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"Best" Firms for Women? Really?

Vivia Chen

October 14, 2017


How marvelous. A fresh batch of "best" law firms for women lists. They are proliferating like bunnies across the American legal landscape. Law360, Working Mother and our own National Law Journal are just some of the publications that recently put out such lists. (Yale Law Women issues one too; it's called"Top 10 Family-Friendly Firms"—a much more P.C. moniker.)

So many lists. So many choices. Is there a better time to be a woman in BigLaw?

I'd love to say that these lists signal an abundance of opportunities for women in law. But that's not how I see them. I find these lists confusing, if not misleading. And sad. 

Some firms get the "best" designation because they boast a relatively high percentage of women lawyers—even though not many of them hold positions of power. For instance, NLJ women's best firm list is based on the overall percentage of female attorneys, plus the percentage of female partners—both equity and nonequity—at the nation's 350 largest firms.

The result is that firms with below-average percentage of women equity partners can get an inflated ranking. That means Baker & McKenzie (16.4 percent female equity partners; the national average hovers around 18 percent) ranks #24, while Paul Weiss Rifkund Wharton & Garrison (23.3 female equity) only ranks #38. Using a similar formula, Law360 put Baker & McKenzie in second place on its best women's list in the 600+ law firm category, tying with Jackson Lewis.

Perhaps I'm old-fashioned but to me the proof of the pudding is how many women are elevated to equity partner. If women aren't equal stakeholders with men, how can anyone say they have any genuine power in the business?

Which brings up my big bet peeve: Too often, these lists reward effort rather than result. That's my quibble with Working Mother's list. (Yale Law Women also emphasizes part-time and caregiver leave policies, in addition to percentage women in leadership.) Though law firms on the Working Mother list averaged 20 percent female equity partners, there were some notable duds: Most glaring was Blank Rome, with only 9 percent female equity partners. (Runner-up was Foley & Lardner with 13 percent female equity partners.)

So how did a firm in the single digits for female equity partners ever get a "best" designation? Subha Barry, vice president at Working Mother, says considerable weight is given to flexible work arrangements, generous parental leaves and business development training. "Blank Rome did dramatically better in the flexibility cluster," she explains. Though the goal is to increase female equity partners in the long run, she adds that it's key to recognize firms that have adopted "policies and practices that will help them get there, even if they haven't achieved it yet."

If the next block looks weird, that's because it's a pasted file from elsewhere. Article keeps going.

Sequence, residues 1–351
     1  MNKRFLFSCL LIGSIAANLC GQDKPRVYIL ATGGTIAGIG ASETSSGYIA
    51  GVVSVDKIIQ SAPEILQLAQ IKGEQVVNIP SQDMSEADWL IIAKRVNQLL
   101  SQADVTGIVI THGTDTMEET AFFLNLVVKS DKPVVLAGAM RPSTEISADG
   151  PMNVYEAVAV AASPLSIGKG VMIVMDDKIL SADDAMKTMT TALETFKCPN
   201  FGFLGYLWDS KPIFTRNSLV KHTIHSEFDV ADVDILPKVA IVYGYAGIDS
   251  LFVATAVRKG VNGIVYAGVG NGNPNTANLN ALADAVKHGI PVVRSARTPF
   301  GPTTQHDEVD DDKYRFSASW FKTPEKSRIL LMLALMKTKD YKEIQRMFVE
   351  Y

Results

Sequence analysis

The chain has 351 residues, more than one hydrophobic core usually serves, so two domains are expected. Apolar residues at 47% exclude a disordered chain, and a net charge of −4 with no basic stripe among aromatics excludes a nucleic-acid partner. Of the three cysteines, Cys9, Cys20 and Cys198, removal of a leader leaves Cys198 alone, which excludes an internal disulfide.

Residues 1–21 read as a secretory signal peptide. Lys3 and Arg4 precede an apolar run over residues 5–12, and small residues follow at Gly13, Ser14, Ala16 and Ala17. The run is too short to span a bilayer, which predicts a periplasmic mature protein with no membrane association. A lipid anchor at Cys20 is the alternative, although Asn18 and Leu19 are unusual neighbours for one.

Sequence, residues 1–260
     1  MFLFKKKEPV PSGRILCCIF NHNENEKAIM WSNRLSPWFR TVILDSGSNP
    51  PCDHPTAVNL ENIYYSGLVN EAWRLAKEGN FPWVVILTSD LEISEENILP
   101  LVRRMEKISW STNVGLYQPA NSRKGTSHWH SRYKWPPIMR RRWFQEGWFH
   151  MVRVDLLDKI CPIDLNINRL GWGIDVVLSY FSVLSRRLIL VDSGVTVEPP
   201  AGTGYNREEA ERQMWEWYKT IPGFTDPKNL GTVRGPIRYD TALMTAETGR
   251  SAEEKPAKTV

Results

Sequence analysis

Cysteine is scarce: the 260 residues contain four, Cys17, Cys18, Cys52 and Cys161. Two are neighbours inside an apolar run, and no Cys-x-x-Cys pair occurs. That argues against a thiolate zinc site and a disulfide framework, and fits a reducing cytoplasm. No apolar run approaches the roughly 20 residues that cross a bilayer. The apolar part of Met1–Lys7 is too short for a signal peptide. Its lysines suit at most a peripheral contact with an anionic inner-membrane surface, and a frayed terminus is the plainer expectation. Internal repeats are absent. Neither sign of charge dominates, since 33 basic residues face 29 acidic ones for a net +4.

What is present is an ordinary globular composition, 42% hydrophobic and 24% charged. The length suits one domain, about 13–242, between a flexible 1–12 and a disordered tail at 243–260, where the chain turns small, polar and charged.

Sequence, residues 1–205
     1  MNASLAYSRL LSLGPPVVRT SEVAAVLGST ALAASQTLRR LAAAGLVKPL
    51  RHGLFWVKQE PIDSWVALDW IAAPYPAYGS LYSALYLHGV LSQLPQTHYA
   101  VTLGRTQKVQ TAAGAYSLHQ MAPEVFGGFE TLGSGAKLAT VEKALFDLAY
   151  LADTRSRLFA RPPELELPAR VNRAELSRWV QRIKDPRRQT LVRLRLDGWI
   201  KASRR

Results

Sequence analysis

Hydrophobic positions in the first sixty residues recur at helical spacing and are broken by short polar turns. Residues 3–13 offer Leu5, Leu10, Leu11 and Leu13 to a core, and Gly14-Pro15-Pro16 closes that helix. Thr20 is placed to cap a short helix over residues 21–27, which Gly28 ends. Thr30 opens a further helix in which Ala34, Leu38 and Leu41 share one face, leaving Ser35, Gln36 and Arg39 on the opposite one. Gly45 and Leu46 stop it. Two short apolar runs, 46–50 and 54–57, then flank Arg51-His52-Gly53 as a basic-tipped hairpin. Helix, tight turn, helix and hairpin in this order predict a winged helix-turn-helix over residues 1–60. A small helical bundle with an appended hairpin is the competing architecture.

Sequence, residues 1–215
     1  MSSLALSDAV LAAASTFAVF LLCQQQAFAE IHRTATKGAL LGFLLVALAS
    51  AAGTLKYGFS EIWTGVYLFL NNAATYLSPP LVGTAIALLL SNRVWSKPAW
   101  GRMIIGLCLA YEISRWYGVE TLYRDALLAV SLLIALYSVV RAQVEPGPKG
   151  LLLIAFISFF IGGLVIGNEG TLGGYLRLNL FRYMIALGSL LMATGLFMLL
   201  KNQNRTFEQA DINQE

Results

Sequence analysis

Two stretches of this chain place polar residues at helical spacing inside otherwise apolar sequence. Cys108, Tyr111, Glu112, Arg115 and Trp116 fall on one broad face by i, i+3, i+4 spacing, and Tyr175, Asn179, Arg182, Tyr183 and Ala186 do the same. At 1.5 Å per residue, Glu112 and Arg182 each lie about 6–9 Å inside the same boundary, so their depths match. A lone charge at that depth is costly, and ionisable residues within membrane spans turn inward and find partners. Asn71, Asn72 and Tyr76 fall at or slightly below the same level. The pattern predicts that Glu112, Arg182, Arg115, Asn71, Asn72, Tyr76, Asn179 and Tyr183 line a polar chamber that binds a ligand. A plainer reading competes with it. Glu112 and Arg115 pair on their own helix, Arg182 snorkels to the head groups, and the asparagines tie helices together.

I'm all for encouraging institutions to reach lofty goals, but why laud firms like Blank Rome that's so behind the curve? What's so great about all those spiffy flexibility arrangements when female lawyers essentially have second-class status (women represent 30 percent of non-equity partners)?

Instead of focusing on initiatives, I'd rather take a cold, hard look at where women are making equity partner. And here's the reality check: Women are scarce in the top echelons of the profession. Among the firms in the Am Law 200, the top 15 firms for women are dominated by either regional firms or speciality shops, including practices like immigration, labor/employment or family law. (Immigration firm Fragomen, Del Rey, Bernsen & Loewy has the highest female equity rate at 41 percent.) 

The bottom line is that the sexy BigLaw firms are not the places where women are making it. So do we really want to talk about the "best" firms for women?

Email: vchen@alm.com

Twitter: @lawcareerist 



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Totally agree. The rankings are a sham. Thanks for telling it like it is.

Just like the ethics boards are taking aim at JAMS and AVVO, they should take on these lists. As you point out, they are misleading, and even in some cases, driven by ads in the entity publishing the list.

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About The Careerist

The Careerist takes an inside look at how lawyers shape their careers and manage their lives. The blog aims to dissect developments in the profession, provide useful information and advice, and give lawyers a platform to voice their views. The goal is to provide a fresh, provocative take on the state of lawyering.

About Vivia Chen

Vivia Chen

Vivia Chen, The Careerist's chief blogger, has been covering the business and culture of law firms for a decade. A former corporate lawyer, Chen is fascinated by those who thrive (as well as those who don't) in the legal profession. Her take: Success in the law (and life) doesn't always travel a linear path. If you have topics you'd like to discuss or information to share, contact her: VChen@alm.com

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